“No. Other. Family. Has it as messy as we do!!!“
I remember my mother yelling this when she reached a desperate point of no return; the best one could do was to stay calm, and quiet. In her eyes, the entire house was in shambles as she imagined the shaming judgment from extended family, due to arrive any minute. Sound familiar?
Catharsis. Even the ancient Greeks knew what to do in this case: cognitive exposure therapy. Witnessing other people’s messes can bring a sense of calm and insight for your ragged soul. Here are some irreverent tips that will make you feel better, or at least lend a new perspective on your own family’s chaos. It’s not as bad as you think when you compare to the worst alternatives.
David Sedaris is a master of wry observation, and his classic short story collection Holidays on Ice offers some refreshing takes on the demands of the holidays: “It makes one’s mouth hurt to speak with such forced merriment.”
Or you might find joyful comfort in movies, such as the Griswolds’ disastrous holiday, led by Chevy Chase in National Lampoon’s Christmas Vacation. If your family requires you to use a pure, child-appropriate tone during the holidays, you can get your bad language “vaccination” out of the way with Billy Bob Thornton’s extremely Bad Santa. Warning: the library carries the unrated “naughty” versions of both the original and its sequel, Badder Santa.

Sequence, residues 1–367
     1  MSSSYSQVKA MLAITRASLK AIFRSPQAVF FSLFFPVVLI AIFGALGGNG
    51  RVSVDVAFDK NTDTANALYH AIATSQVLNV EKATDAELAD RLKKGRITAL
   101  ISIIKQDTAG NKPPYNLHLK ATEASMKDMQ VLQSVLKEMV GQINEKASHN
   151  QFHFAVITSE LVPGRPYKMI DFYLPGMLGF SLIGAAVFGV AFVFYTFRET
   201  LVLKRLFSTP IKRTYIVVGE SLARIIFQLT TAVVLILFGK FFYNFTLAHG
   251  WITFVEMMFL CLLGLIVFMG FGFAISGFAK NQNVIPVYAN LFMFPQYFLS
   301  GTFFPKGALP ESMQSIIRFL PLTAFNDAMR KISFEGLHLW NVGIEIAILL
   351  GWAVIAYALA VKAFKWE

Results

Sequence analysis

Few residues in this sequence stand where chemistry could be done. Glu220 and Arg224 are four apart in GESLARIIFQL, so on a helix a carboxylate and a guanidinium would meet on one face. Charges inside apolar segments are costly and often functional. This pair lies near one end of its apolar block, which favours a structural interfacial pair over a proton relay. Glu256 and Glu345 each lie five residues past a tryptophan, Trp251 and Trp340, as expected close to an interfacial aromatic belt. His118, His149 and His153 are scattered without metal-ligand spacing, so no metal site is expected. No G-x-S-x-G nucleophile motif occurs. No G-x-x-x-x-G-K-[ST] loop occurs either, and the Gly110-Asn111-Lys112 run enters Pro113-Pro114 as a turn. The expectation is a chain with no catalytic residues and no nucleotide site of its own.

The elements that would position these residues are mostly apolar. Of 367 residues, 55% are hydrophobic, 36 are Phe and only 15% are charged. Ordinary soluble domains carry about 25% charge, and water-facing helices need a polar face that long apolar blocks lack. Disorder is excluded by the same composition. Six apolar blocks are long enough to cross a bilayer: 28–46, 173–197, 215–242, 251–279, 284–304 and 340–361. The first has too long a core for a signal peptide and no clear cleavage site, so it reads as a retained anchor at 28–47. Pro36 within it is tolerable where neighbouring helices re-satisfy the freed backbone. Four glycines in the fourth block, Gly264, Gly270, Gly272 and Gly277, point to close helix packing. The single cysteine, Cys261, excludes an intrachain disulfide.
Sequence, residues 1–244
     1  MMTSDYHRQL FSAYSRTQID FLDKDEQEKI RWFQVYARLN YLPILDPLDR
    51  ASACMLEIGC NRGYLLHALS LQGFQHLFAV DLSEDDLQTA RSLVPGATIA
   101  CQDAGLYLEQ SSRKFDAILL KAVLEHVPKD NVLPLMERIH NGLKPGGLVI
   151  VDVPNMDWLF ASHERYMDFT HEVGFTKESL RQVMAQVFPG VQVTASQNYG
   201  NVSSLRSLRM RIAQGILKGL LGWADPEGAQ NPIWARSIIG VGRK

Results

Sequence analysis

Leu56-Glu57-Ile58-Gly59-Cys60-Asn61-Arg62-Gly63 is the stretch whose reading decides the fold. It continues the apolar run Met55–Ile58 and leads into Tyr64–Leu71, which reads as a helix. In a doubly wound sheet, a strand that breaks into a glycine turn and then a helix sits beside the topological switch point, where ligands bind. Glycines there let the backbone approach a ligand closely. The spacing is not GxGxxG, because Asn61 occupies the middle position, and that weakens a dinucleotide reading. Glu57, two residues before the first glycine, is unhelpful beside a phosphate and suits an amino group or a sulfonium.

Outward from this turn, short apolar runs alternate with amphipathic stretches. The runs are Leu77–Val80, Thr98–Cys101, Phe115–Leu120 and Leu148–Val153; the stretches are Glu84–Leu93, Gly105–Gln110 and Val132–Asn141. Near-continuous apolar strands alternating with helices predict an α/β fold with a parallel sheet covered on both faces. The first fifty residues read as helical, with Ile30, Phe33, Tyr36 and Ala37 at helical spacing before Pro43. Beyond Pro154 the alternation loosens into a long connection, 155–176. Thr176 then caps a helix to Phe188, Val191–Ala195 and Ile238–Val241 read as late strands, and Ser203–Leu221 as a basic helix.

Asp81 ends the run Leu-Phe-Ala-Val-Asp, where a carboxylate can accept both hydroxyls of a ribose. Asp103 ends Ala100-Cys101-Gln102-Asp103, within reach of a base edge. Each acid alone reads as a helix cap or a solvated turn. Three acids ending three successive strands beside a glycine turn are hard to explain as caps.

Jen Mann’s book title is quite self-explanatory: Spending the Holidays with People I Want to Punch in the Throat. If you don’t get your hands on it in time for Christmas, you can spread out your therapy to other holidays handled in this volume, such as an ill-fated Chinese New Year party, or why not Mother’s Day.
Augusten Burroughs has been called “high priest of mortifying disaster” and his take on the holiday hysteria may help release some holiday knots; maybe you will be crying from laughter: You Better Not Cry: Stories for Christmas. And now over to something completely… similar, but British. An Almost Perfect Christmas by Nina Stebbe is an ode to the joy and insanity of the “most wonderful time of the year.” This collection of essays does have some useful advice too, such as this one about gift giving: “Don’t be overgenerous, or mean, or give precedent-setting gifts.”
Lastly, this list would not be complete without A Bad Moms Christmas—the most (un)motherly romp you can imagine. Even my mother would have laughed.
*Family Dysfunction Antidote